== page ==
I sat down to brunch with friends, recently, a long overdue pleasure. As they were friends, they asked how my memoir was progressing. “Oh,” I replied, the genre isn’t called a memoir anymore. It’s referred to as “literary nonfiction.”
“What’s the difference?” The friend who’d spoken folded his arms across his chest to suggest he doubted anything was new under the sun.
Happy to clarify, I turned in his direction. “’ Literary nonfiction’ arranges life events in the format of a novel. There’s background, a denouement, and a resolution.” I went on to add that if memory fails regarding a conversation, the rules allow a writer to invent new dialogue.
A frown formed on my skeptical friend’s face so I was quick to add, “Of course what’s written must be true to the gist of the original exchange.”
“In other words, you can lie,” he said, causing laughter to ripple across the room.
Later that afternoon, this same friend emailed an article to me by George F. Will. Will is a conservative writer for the Washington Post, but he’d penned this particular essay in 1997. The piece might have been titled “true lies,” as it was about alternate facts — a subject dear to our current president, Donald Trump. (Torricelli’s Lager Point,” Newsweek, Sept. 1997. Pg. 78.)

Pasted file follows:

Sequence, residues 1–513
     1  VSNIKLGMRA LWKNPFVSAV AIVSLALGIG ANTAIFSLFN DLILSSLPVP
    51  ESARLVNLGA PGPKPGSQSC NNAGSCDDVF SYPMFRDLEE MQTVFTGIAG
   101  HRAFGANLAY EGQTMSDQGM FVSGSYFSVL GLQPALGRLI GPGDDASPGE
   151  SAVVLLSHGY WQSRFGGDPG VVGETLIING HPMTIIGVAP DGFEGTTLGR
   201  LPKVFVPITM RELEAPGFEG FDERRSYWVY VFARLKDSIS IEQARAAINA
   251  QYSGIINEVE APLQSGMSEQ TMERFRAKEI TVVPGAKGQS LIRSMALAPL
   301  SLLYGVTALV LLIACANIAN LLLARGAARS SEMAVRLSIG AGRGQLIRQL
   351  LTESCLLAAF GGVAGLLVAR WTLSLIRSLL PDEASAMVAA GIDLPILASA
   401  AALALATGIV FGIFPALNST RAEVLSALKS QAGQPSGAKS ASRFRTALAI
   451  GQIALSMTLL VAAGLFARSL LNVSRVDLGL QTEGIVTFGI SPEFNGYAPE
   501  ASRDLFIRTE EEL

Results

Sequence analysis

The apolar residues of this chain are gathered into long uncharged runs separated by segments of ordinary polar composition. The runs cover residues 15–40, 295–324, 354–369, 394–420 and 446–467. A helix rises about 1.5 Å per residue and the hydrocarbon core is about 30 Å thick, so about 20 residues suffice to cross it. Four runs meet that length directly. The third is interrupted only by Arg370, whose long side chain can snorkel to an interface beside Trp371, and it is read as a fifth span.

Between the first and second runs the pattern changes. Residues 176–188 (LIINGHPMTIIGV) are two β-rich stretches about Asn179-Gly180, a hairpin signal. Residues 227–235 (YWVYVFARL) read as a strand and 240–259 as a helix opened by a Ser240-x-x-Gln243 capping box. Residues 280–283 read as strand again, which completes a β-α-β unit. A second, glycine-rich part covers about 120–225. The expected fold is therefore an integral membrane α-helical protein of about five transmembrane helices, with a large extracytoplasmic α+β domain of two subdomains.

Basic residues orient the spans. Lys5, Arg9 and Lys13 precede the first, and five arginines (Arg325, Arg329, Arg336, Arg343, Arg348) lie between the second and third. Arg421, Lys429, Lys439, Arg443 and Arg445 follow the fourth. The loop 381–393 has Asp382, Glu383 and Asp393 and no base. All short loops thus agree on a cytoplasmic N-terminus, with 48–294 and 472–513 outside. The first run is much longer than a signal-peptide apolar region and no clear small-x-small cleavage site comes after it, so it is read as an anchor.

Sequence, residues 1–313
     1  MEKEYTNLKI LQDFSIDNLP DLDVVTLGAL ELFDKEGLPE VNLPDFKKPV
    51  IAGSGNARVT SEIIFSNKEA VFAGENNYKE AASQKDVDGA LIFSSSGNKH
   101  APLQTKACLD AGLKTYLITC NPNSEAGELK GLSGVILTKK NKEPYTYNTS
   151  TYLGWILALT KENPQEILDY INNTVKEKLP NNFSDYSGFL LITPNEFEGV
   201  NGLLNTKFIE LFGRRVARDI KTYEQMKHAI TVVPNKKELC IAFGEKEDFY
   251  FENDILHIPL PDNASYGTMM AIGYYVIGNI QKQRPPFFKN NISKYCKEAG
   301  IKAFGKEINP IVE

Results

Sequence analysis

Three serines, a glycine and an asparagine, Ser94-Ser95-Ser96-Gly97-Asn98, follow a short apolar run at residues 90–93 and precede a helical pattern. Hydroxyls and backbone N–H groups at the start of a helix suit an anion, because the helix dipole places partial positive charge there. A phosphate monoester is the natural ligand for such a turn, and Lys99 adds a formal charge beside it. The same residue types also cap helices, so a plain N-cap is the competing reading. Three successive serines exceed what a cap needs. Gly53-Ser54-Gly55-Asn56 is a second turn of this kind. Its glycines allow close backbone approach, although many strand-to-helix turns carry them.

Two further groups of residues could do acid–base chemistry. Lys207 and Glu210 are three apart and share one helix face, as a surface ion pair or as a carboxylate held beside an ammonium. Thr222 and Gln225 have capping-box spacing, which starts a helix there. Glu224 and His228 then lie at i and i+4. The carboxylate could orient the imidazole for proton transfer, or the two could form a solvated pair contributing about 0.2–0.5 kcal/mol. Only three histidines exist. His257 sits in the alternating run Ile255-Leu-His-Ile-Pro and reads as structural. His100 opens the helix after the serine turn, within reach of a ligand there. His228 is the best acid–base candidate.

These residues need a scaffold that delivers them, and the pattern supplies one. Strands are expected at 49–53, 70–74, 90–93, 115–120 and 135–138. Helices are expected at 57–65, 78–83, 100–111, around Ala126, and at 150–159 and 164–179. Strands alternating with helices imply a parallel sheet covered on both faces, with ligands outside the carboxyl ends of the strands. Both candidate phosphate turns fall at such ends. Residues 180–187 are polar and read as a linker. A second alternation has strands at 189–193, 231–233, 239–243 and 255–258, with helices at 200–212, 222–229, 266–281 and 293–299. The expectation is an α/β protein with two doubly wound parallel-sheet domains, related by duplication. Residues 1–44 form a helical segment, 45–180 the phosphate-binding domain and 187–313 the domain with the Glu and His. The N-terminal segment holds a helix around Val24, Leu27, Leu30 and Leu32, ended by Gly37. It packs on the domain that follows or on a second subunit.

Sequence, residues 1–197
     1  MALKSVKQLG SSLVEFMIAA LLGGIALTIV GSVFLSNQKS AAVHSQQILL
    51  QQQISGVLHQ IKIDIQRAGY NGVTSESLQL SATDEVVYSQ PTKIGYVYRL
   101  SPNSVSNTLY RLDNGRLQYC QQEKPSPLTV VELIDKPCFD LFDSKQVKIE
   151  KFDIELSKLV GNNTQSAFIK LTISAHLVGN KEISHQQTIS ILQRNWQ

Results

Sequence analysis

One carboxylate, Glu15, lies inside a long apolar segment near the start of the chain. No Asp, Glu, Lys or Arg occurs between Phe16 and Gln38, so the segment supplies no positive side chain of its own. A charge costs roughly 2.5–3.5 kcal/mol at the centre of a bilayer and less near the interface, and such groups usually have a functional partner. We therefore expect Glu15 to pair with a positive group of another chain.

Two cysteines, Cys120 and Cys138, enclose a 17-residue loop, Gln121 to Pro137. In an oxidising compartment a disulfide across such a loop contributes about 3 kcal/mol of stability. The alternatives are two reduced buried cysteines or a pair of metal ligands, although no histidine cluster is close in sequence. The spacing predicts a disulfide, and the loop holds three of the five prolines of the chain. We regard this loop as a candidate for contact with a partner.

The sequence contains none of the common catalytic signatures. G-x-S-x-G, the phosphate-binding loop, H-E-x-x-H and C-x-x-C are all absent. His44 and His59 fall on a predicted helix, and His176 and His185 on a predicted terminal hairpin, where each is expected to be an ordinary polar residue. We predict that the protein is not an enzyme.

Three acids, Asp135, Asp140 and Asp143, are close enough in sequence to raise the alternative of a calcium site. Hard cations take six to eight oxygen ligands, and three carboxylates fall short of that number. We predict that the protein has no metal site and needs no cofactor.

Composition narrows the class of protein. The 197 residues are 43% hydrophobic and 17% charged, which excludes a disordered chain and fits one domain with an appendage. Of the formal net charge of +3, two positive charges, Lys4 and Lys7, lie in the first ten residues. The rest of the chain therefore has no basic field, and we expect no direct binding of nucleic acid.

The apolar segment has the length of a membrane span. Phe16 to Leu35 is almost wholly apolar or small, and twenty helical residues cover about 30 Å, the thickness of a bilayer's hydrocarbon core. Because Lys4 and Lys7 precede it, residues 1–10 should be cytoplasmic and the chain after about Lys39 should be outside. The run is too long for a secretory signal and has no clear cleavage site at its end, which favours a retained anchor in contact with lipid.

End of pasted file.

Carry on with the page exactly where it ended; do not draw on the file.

Will wasn’t prescient enough to anticipate the future, however. His complaint was against Robert Reich, a liberal economist who’d served as Bill Clinton’s Labor Secretary for a time. Opposed to Reich’s views on just about everything, Will mocked what he called Robert Reich’s Rule of Epistemology: “…any proposition is true—or true enough, or as true as anything else — if it comports with one’s feelings about or ‘perceptions’ of, something.”
What provoked Will’s ire was a story Reich had told in his latest publication at the time. It was inaccurate, but when confronted, Reich refused to back down. “I claim no higher truth than my own perceptions. That is how I lived it.” In modern times, that same defense reverberates in Elizabeth Warren’s claim about her American Indian roots.
“Perception is reality.” The truism has long dominated political thinking and in 1997 it was the source of Will’s lament: “There are no reliable facts, only perceptions.” In 2019, nothing has changed. Witness how Donald Trump can slay Alabama weather forecasters with his sharpie pen.
I hope my skeptical friend has reread the article he sent me. If so, perhaps he will think more kindly of “literary non-fiction.” What is art for, after all, if not to hold a mirror up to life?